Note, Oct. 16: I just noticed again that August 20, that fatefully two-year anniversary, was the start date of the final rebel push on Tripoli that seemed to succeed in only two days. Uncanny timing, that.

<< Previous: 19 August

One year ago today Kenny MacAskill announced and enacted the decision he made the previous day - to release Abdelbaset al Megrahi to his native Libya. At midday the BBC announced:
[Megrahi] will be flown home to Tripoli from Glasgow this afternoon following an announcement by Justice Secretary Kenny MacAskill. ... A spokesman for the administration insisted the decision had been reached "on the basis of clear evidence and on no other factors.
The promised appeearance came across the airwaves an hour later, at 1300 BST, from the Scottish Government's ministerial headquarters in Edinburgh. MacAskill was in top form, explaining the decision with flourishes like "compassion and mercy are about upholding the beliefs that we seek to live by, remaining true to our values as a people..." It droned on for a bit.

Another BBC story later in the day explained what came next:
A police convoy left Greenock Prison, where Megrahi was serving his sentence, just an hour after the announcement of his release was made.

It was greeting by angry jeers from a small group of local residents.

Megrahi was taken to Glasgow Airport where he boarded an Afriqiyah Airways Airbus plane bound for Tripoli, wearing a white track suit and clutching his prison release papers.
With a white scarf across his face to protect from infection, Megrahi labored up the ramp, looking like a human white flag of surrender flapping in the breeze. The colorful Libyan jet took off at 1530 BST, just two-and-a-half hours after MacAskill first opened his mouth to explain. It muscled up into the sky, away from Glasgow, and banked south towards home.

That was hardly the end of the story, but it is the end of this series of articles.

3 August 2009

MacAskill’s Two-Track Railroad: part 1/10
3 August 2010

Note: The posts in this series are not conclusive, but rather what I was able to learn before the anniversary arrived, sporadically updated later. Any suggestions from knowledgeable readers to improve the content will be gladly appreciated.

Next: 5 August >>

One year ago today, "Lockerbie bomber" Abdelbaset al Megrahi was still imprisoned in Scotland, convicted for the murder of 270, with an appeal of that endlessly stalled, and advanced prostate cancer drawing the grave closer to him. He was desperate to return home to Libya before the end, and the Libyan government was nearly as set on getting him back.

One way home had presented itself up to that point - a Prisoner Transfer Agreement (PTA) that had been Libya's brainchild, sponsored by Libya-UK business interests, and adopted by the UK government. One of the keen provisions of the PTA was that all legal proceedings - like Megrahi's dangerous second appeal - had to be closed first.

Another provision of the agreement, ratified on 5 May 2009, was its 90-day life span [1], which expired on this day last year, August 3. But Justice Secrtary Kenny MacAskill, had already "extended the deadline of the prisoner transfer request,” despite its being implausible to execute. [2]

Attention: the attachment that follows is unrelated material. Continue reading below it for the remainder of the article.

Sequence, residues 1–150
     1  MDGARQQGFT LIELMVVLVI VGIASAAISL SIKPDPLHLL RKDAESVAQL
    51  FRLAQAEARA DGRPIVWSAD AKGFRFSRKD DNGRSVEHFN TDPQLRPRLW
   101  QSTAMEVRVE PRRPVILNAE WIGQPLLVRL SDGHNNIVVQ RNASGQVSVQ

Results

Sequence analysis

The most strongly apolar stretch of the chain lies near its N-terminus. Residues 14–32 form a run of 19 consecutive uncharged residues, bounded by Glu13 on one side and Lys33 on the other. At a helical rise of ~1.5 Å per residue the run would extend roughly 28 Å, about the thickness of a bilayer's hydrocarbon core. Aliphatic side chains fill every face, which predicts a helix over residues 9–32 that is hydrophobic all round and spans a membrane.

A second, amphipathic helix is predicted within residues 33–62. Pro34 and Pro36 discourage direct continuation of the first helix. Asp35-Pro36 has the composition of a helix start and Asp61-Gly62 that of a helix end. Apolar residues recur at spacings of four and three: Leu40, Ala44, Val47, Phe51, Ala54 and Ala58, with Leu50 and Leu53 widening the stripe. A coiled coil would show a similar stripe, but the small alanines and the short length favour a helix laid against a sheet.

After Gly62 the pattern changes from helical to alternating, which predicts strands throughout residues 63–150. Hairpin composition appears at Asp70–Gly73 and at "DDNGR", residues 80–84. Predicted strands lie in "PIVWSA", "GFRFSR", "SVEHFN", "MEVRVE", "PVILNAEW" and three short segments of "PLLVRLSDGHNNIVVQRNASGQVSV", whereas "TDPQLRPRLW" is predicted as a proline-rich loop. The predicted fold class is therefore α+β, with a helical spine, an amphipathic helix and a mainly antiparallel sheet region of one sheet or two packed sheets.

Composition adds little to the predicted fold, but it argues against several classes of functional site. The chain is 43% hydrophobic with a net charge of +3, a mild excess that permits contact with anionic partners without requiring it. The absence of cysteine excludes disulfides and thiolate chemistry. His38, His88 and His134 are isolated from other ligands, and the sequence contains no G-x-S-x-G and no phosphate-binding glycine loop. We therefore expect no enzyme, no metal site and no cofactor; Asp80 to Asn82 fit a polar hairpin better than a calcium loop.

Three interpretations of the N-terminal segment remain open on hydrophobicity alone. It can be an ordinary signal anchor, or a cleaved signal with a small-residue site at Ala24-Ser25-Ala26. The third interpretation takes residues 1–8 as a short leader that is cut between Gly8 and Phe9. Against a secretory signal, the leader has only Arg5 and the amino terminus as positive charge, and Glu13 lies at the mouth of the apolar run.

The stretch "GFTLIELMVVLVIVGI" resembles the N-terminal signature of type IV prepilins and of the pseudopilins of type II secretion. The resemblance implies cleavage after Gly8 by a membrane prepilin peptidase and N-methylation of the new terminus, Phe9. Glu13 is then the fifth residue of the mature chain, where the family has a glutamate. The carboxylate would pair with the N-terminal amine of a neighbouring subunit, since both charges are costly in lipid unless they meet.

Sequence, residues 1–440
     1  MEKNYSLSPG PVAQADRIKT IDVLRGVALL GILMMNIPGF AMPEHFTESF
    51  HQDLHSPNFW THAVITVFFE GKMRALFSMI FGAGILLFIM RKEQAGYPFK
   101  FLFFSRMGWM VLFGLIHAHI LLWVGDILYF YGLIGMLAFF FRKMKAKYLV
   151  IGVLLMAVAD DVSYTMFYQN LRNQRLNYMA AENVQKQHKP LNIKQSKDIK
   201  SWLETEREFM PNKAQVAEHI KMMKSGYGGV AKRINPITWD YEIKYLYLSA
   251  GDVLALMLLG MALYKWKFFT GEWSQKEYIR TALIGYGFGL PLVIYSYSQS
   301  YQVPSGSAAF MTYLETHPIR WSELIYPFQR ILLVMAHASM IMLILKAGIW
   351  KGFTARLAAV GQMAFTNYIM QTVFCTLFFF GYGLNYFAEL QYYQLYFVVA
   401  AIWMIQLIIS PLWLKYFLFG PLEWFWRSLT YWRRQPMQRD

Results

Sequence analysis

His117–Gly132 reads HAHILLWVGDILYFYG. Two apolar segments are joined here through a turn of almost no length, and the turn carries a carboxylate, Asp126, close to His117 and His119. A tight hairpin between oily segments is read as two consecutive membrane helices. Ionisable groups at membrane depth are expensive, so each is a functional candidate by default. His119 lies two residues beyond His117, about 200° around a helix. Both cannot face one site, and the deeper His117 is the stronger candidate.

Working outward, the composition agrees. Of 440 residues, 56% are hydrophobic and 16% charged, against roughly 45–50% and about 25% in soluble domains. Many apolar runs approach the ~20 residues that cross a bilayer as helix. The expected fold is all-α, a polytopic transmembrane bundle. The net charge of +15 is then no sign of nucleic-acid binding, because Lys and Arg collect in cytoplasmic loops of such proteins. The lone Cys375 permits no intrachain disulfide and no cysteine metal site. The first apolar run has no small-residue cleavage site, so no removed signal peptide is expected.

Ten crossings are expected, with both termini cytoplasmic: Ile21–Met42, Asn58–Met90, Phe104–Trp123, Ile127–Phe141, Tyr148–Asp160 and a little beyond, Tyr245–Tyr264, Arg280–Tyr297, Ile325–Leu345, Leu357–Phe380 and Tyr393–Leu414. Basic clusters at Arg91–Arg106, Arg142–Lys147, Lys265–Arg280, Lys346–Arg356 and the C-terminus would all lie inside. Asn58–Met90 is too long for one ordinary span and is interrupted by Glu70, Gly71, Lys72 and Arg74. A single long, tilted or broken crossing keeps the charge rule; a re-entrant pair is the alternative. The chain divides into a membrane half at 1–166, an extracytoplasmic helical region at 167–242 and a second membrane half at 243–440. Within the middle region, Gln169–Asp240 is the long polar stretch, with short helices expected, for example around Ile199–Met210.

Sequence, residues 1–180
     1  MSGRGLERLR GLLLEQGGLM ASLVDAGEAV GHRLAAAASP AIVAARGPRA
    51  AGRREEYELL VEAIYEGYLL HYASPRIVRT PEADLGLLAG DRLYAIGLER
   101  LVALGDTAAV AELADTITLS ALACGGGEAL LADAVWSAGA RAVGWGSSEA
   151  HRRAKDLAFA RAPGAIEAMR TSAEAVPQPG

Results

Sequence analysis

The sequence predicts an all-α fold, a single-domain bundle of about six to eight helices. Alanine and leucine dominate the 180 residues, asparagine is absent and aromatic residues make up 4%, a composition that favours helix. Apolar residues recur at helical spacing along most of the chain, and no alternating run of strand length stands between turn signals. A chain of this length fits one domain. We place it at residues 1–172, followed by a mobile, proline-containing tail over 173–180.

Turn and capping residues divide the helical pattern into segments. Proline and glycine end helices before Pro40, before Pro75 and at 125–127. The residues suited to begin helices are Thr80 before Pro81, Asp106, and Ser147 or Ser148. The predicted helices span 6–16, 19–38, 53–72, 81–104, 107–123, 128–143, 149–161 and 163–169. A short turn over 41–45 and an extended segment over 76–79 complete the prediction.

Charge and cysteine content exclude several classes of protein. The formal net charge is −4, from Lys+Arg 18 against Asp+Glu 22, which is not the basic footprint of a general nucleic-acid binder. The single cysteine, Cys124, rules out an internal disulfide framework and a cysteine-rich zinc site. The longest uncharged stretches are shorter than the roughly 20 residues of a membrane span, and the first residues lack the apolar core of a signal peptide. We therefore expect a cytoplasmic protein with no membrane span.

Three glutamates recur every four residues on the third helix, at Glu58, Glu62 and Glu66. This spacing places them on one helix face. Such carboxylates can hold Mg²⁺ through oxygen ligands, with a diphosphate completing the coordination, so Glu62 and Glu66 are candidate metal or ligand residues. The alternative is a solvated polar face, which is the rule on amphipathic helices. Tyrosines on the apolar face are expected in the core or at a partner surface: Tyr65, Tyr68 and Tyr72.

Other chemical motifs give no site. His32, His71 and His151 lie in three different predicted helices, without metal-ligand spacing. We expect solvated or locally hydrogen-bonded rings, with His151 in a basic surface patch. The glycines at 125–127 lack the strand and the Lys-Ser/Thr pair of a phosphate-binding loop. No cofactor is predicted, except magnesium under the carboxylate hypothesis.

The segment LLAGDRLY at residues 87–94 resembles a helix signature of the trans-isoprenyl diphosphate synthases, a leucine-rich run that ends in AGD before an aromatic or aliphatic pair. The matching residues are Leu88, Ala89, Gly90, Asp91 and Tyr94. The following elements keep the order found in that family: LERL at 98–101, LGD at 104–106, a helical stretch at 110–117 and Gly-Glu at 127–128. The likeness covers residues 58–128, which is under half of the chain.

Curiously, the same day one track was slated to stop (but didn't), a second way home came within reach. Megrahi had formally applied for Compassionate Release less than two weeks earlier, in late July. His original prognosis had been only in September 2008, when he was given “an informal mid-estimate of 18-24 months.” [3] Compassionate Release rules, first set-up in 1993, have no firm life expectancy standard, but do cite three months as a reasonable guideline.

By some time in July 2009, a "firm consensus" was reached by "a range of specialists" that Megrahi's cancer had become "hormone resistant," and so the prognosis has "has now moved to the lower end of expectations from ten months ago." [3] That had been 18-24 months, so minus ten from the low end leaves about eight months left.

An unnamed consulting doctor for the Scottosh Prison Service (SPS) looked Megrahi over again a year ago today [3]. This is widely believed to be Karol Sikora,  but is apparently not. [4] (see also comments, below) Having last seen the prisoner on 26 July, the specialist - not paid by Libya that we know of - reported an alarming deterioration in the short interim. A report from a week later explained "the clinical assessment, therefore, is that a 3 month prognosis is now a reasonable estimate for this patient." [3]

The 10 August report that passes this on was from Scottish Prison Services health director, and expressed his own and a general agreement that the prisoner was suitable for compassionate release. There was no other specific agreement with three months offered. And of course none was needed; as explained above, that  benchmark is a guideline, not a requirement.

But it was an important guideline, and it was on the record to inform the choice in Mr. MacAskill's hands alone. He had two tracks to consider now, one of which (the PTA) would cost Megrhi's appeal if used, and the other of which (compassion) could leave the way open to challenge the tenuous conviction...

[2] Times Online. 21 August 2009.
[3] Medical Report, 10 August 2009. PDF download page:
[4] STV. 6 Sept.2009.